Cossacks were not seen as suitable for a battlefield role, and many Russian cavalry officers also sneered at the quality of Cossack mounts. Each infantry corps included a Cossack regiment for screening and reconnaissance, but this meant that in many cases the rest of the corps mobilized hundreds of miles away from its attached Cossack regiment. Several of the Russian corps moved across the German border in August 1914 did so without their Cossack regiments, which were still trying to get off the trains from their home districts.
A Cossack sotny ("hundred") traditionally had a hundred men, making it somewhat smaller than a regular cavalry squadron. The Cossack went to war with his traditional saber and the same Mosin-Nagant carbine as the regular cavalry but without a bayonet — for dismounted close combat, Cossacks used their sabers. Forty-one Cossack regiments mobilized in August 1914. By the end of the year there were 104 of them in service, plus 161 independent sotnyas.
Russian artillery brigades (one per division, with a half-sized artillery "division" attached to a rifle brigade) numbered 48 light guns, in six 8-gun batteries. An infantry corps had another dozen howitzers at its disposal.
The light guns were the outstanding M1902 Putilov 76.2mm gun, which would serve in the Great Patriotic War as well. The long-barreled gun had a much greater range than comparable German and Austrian pieces, but had a rather lightly-built carriage known to break in use and a tremendous muzzle flash that made night firing a hazardous undertaking.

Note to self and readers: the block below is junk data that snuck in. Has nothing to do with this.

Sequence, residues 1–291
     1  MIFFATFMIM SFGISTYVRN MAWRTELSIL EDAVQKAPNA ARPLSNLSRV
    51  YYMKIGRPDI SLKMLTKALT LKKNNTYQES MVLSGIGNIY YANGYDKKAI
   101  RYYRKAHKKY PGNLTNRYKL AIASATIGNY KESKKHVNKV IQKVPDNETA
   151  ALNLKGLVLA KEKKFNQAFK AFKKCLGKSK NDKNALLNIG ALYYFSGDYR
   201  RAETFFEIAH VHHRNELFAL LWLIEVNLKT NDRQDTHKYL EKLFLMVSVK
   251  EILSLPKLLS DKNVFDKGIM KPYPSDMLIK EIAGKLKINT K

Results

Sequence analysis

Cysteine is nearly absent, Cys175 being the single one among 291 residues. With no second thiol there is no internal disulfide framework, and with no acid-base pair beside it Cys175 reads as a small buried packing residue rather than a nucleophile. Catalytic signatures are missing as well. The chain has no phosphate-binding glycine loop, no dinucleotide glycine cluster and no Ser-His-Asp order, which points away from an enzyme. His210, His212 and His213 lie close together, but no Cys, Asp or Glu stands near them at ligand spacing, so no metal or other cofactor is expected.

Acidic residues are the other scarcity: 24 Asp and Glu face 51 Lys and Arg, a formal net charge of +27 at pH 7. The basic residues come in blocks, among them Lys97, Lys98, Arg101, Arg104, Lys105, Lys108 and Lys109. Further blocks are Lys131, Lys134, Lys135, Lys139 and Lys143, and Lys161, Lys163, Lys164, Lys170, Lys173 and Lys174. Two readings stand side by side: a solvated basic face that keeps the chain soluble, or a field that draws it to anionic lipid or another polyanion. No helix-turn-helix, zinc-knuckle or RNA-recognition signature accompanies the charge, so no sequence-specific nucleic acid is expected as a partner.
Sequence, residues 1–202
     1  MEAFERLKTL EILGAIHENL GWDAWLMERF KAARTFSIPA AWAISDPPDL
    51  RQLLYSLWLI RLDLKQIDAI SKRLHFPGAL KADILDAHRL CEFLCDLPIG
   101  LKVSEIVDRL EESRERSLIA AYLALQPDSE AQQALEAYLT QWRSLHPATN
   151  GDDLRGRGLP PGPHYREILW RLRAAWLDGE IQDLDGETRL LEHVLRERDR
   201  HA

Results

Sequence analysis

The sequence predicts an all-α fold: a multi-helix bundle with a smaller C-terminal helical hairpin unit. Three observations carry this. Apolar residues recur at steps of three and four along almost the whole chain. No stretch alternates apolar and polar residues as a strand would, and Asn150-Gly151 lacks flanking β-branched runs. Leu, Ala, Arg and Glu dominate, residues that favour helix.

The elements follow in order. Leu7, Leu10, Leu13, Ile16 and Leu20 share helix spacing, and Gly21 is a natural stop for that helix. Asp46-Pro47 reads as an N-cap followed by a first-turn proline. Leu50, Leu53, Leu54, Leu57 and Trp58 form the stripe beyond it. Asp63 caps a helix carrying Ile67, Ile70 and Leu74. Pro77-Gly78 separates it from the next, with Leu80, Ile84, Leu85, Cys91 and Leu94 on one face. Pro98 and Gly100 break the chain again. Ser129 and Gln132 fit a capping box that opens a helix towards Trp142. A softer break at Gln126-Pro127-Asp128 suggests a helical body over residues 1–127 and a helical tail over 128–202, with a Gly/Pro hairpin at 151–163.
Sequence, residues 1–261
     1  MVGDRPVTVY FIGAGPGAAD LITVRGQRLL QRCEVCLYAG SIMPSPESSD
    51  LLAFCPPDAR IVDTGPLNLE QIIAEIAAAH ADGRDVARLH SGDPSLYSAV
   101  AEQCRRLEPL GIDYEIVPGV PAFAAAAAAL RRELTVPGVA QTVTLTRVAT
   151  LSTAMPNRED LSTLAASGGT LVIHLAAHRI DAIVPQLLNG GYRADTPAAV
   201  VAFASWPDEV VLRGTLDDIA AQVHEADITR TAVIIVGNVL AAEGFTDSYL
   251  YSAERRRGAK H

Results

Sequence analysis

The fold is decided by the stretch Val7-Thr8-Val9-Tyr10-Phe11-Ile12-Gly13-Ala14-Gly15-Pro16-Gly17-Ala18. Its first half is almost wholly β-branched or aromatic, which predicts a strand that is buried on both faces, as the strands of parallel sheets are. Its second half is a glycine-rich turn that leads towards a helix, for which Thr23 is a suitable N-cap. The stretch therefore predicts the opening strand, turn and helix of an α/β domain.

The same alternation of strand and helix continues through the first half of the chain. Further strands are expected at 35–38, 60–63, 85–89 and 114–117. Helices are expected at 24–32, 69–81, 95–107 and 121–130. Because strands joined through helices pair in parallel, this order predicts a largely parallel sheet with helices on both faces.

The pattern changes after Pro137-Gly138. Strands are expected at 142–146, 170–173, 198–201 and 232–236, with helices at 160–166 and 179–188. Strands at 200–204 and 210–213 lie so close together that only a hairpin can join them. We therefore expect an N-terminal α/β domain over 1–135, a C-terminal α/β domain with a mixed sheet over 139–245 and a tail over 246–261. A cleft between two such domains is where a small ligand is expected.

Howitzer batteries had one of several models of 122mm weapons: the M1904 made by Putilov, the Krupp M1909 or the Schneider M1910. The foreign-made guns were superior to the local model, and updated versions of both served in the Great Patriotic War. Some batteries also had the excellent 107mm long-range cannon, a weapon built initially by Schneider to a Russian requirement and adopted for the French and Italian armies as the 105mm cannon.
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Mike Bennighof is president of Avalanche Press and holds a doctorate in history from Emory University. A Fulbright Scholar and award-winning journalist, he has published over 100 books, games and articles on historical subjects.
He lives in Birmingham, Alabama with his wife, three children and his dog, Leopold.